16 March

800px-Blind-husbands-1919-movieposterBlind Husbands (aka The Pinnacle)  (Dir Erich von Stroheim, 1919) (Screening format – not known)   American couple Dr. and Mrs. Armstrong (Sam deGrasse and Francelia Billington) arrive at a retreat in the Alps at the same time as Lieutenant Erich von Steuben ( von Stroheim).  The Lieutenant is a reckless and dissolute soul who sets his cap for Mrs. Armstrong. Since her husband is kindly but neglectful, she is easy prey. Their flirtation is watched over carefully by the guide Sepp (Gibson Gowland) who is indebted to the good doctor, and he manages to keep the wife away from the Lieutenant on the night the four of them spend together in a lodge. The next day when von Steuben and Dr. Armstrong climb the summit, a letter from Mrs. Armstrong falls out of von Steuben’s pocket and a fierce battle between the two men takes place…….. This picture introduces themes that von Stroheim carried throughout  his career — the eternal triangle shows up in most of his films in one form or another, and the climatic struggle between the two men would be repeated in the director’s flawed masterpiece, Greed (1924, which starred Gowland as McTeague). The easy decadence and the careful attention to detail would also be constants. Even though this isn’t anywhere close to his best work, Blind Husbands was one of the most impressive directorial debuts of all time.  Find out more at  Wikipedia  Showing as part of an evening focusing on the career of Eric von Stroheim: The Man You Love To Hate. Introduced by writer and broadcaster Michael Pointon and including a wide selection of clips from many of von Stroheims silent and sound films, with live musical accompaniment by pianists Meg Morley and Cyrus GabryschCinema Museum, Lambeth, London  Link

19 March

Show_People_(movie_poster)Show People  (Dir. King Vidor, 1928)  A lighthearted look at Hollywood at the end of the silent era charting the progress of Peggy Pepper (Marion Davies) from wannabe starlet to slapstick star to pouting, pretentious silent-film diva.  Supposedly inspired by the career of Gloria Swanson, the film features cameo appearances by Charlie Chaplin, Douglas Fairbanks and William S Hart.  Find out more at IMDb   With live musical accompaniment by pianist Cyrus Gabrysch.  The Phoenix Artist Club, London WC2  Link

 

23 Marchprimrose path clara bow 1925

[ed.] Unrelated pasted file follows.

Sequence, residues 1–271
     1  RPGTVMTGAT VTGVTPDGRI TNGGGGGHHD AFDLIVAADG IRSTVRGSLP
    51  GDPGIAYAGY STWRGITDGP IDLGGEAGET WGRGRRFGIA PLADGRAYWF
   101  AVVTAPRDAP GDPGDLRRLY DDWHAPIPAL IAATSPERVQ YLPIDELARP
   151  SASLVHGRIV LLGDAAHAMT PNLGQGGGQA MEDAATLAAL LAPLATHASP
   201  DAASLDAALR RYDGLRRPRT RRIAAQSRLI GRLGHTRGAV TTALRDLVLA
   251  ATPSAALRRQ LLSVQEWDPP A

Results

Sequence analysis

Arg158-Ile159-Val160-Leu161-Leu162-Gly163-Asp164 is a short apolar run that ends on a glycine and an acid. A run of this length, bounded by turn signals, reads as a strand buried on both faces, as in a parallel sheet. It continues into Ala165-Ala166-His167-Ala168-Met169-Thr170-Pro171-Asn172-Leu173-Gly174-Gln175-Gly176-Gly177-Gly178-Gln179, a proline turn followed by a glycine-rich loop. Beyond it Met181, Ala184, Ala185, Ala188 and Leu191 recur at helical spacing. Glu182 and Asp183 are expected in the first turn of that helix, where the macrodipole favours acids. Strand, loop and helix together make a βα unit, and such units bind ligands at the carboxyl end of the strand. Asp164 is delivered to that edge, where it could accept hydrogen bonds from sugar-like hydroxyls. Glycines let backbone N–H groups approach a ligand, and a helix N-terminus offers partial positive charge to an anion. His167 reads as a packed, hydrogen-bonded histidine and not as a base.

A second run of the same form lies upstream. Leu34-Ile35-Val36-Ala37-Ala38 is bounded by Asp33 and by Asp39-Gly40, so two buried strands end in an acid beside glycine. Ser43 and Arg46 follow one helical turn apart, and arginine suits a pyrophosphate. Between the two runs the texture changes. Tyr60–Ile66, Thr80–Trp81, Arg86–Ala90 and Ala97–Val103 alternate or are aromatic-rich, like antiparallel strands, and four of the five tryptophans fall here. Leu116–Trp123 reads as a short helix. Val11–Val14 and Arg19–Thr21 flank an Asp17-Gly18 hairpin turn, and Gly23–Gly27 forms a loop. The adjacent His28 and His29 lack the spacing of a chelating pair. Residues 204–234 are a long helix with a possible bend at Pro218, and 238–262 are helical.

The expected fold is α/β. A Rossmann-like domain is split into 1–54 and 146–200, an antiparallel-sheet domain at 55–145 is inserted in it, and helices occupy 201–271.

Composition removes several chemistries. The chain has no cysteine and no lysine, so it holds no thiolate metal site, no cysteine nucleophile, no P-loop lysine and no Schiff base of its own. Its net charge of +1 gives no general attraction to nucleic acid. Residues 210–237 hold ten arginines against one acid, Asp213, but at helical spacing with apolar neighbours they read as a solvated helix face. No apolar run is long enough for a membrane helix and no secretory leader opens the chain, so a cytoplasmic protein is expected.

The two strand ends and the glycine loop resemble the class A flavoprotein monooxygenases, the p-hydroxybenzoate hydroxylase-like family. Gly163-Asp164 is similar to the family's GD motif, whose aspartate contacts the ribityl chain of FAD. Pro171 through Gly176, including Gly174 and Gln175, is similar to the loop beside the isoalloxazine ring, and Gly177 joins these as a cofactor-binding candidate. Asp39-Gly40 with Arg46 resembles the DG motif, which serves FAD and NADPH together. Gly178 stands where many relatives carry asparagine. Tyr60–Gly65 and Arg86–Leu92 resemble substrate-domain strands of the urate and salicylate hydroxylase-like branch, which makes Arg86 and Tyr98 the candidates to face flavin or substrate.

The Primrose Path (Dir. Harry O Hoyt, 1925) + Devil’s Island (Dir. Frank O’Connor,1926)   (Screening format – not known, 60mins?/70mins? )  In The Primrose Path,  alcoholic playboy Bruce Armstrong (Wallace MacDonald) would like to sober up and become more responsible, after a drinking accident causes him to cripple little brother  Jimmy Armstrong (Pat Moore). Still, the lure of liquor makes him sneak drinks at home and go out partying with carefree showgirl  Marilyn Merrill (Clara Bow ) even though he’s promised her he’ll quit drinking and gambling. Further complicating Armstrong’s life are the bad debts he’s been accumulating. Criminal nasties  Tom Canfield (Stuart Holmes) and Big Joe Snead (Tom Santschi) force Armstrong to join their diamond smuggling racket, in lieu of payment.  The screenplay brings tender 220px-Pauline_Frederick_1918emotions to the fore  giving a softer than usual role for Bow, although still evidently very much a woman of the world in a film routinely directed by Harry O. Hoyt, and with acting laurels going to the talented MacDonald, whose face accurately mirrors his emotional struggles.  Find out more at tcm.com   In Devil’s Island, Jean Valyon (Richard Tucker) is sent to prison on the island to serve a life sentence. After several years, he is allowed to marry his sweetheart, Jeanette Picto (Pauline Frederick). They have a son, Leon, who studies to be a surgeon. The couple hopes that Leon (played as an adult by George Lewis) will be able to escape to France, but Valyon dies before the young man finishes his studies. Leon falls in love with fellow prisoner Rose Marie (Marion Nixon), and because he successfully performs a brain operation on a deranged convict, he wins a pardon for both himself and his mother. But he is unable to see Rose Marie before he leaves……… Melodramatic and contrived in the extreme this may be but Devil’s Island is believed to be one of only 10 surviving silents (out of 58) made by Pauline Frederick, leaving this great tragedienne almost forgotten. Find out more at Wikipedia  Coincidentally, both films are from the pen of Leah Baird who, although primarily an actress (appearing in films until the 1950s) was also a screenwriter and producer of silent films.  See tcm.com for her full filmography  A Kennington Bioscope presentation with live musical accompaniment.  Cinema Museum, Lambeth, London  Link